Liberal Jewish Groups Blast Israel After Human Rights Worker Denied Visa: 'Like North Korea'

VP of New Israel Fund, who was recently delayed upon entering Israel, says 'Netanyahu government has proven that either you agree with Netanyahu's ultra-right wing coalition or you're out.'

A view of activists with the U.S. rabbinical human rights group T'ruah, as seen on the movement's Facebook page.
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Liberal Jewish groups blasted Friday Israel's decision to refuse a work visa to a Human Rights Watch investigator, calling it undemocratic and unmoral.

Jennifer Gorovitz, a vice president of the New Israel Fund who was delayed at Ben Gurion Airport earlier this month and questioned about her work, said the "Netanyahu government has proven that the test for entering the country is a political one – either you agree with Netanyahu's ultra-right wing coalition or you're out. This may be legal, but it's morally unacceptable and anti-democratic."

Noting that it was not a blanket ban on HRW, Israel's Foreign Ministry later backtracked on its decision, saying that it would be willing to reexamine issuing a work visa for Omar Shakir, an American of Iraqi origin named as the NGO's Israel researcher, should the organization file an appeal.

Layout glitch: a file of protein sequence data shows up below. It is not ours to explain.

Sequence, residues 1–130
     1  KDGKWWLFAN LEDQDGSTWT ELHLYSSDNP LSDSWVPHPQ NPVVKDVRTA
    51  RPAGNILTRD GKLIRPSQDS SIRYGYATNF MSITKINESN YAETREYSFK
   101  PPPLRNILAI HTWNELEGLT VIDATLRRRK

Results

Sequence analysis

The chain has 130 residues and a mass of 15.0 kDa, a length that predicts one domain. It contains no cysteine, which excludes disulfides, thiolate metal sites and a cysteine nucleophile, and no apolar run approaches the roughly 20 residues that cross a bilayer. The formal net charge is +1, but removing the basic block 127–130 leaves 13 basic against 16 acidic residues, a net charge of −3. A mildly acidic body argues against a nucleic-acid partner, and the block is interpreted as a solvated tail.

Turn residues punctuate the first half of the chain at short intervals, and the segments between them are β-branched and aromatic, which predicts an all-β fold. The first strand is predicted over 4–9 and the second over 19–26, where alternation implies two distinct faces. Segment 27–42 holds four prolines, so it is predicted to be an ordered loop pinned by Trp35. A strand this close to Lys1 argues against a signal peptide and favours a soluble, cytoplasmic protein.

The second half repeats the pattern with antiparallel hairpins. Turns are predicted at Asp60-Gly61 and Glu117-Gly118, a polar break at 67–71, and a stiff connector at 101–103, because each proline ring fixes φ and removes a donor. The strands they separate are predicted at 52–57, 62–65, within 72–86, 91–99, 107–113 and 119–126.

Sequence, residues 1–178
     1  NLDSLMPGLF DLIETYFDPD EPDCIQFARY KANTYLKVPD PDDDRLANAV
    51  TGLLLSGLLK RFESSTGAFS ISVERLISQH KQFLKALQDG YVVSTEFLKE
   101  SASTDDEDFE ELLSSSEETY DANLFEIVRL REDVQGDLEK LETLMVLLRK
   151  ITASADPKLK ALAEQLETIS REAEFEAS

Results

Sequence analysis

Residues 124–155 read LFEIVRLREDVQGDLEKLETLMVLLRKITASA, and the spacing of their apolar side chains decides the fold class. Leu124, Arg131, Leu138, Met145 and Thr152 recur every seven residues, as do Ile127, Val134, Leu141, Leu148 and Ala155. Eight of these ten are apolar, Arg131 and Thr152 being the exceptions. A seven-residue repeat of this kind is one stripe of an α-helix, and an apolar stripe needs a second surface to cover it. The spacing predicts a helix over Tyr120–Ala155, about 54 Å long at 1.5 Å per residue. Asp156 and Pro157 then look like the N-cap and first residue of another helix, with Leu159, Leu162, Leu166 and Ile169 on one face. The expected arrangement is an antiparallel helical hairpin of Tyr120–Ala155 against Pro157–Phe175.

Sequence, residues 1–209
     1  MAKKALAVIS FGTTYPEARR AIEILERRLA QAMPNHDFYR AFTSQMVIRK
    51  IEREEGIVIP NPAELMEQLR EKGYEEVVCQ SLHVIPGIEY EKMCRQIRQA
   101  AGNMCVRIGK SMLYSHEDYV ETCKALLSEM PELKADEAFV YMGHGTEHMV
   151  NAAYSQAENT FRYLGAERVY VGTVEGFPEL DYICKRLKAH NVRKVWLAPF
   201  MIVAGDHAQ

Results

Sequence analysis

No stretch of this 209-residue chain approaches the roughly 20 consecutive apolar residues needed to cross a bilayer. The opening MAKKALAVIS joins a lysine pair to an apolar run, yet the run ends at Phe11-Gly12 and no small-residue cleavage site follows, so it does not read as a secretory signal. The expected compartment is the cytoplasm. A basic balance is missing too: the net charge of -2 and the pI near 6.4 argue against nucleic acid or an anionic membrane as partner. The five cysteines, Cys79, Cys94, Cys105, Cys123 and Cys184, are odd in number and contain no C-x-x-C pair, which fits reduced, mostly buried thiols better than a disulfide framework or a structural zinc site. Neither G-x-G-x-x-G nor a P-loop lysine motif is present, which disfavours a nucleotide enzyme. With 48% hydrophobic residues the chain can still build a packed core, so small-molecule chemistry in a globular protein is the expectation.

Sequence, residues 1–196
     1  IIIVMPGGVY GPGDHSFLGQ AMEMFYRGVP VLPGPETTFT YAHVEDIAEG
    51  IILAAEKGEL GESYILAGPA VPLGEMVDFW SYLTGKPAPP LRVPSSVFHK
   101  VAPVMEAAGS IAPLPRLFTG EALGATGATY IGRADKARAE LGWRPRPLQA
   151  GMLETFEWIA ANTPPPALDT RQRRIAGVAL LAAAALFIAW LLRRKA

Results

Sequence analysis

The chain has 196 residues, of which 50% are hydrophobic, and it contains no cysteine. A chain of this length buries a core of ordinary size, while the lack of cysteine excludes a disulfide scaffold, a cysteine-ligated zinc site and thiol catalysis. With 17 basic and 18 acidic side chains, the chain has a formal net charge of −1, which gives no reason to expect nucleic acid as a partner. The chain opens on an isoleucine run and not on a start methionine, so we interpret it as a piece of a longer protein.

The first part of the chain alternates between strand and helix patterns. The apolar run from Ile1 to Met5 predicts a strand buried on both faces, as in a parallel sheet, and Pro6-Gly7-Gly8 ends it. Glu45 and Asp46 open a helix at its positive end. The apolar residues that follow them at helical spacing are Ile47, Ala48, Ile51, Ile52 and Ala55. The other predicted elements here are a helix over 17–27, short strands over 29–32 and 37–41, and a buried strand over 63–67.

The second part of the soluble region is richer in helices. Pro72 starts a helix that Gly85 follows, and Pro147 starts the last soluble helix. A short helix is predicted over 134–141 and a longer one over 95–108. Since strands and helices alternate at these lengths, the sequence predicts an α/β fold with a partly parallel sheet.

"Human Rights Watch representatives can of course enter Israel with tourists' visas," a spokesman for Israel's Foreign Ministry said. "Regarding work visas, the issue will be reexamined by the relevant authorities if the original decision will be appealed."

T’ruah, a rabbinical human rights group, urged Israel to reverse the decision, calling HRW a "respected organization that has shown its commitment to rising above politics by criticizing the human rights record of both Israel and of the Palestinian leadership, including Hamas.

"With this decision, Israel follows the unfortunate example of North Korea, Uzbekistan, and Congo, rather than that of other democracies, which understand that the flourishing of a human rights sector is essential to democracy," the group said in a statement.

Daniel Sokatch, the CEO of the New Israel Fund, echoed the sentiment, saying that "Israel now finds itself in very poor company: Only a government with something to hide would work this hard to keep out human rights workers."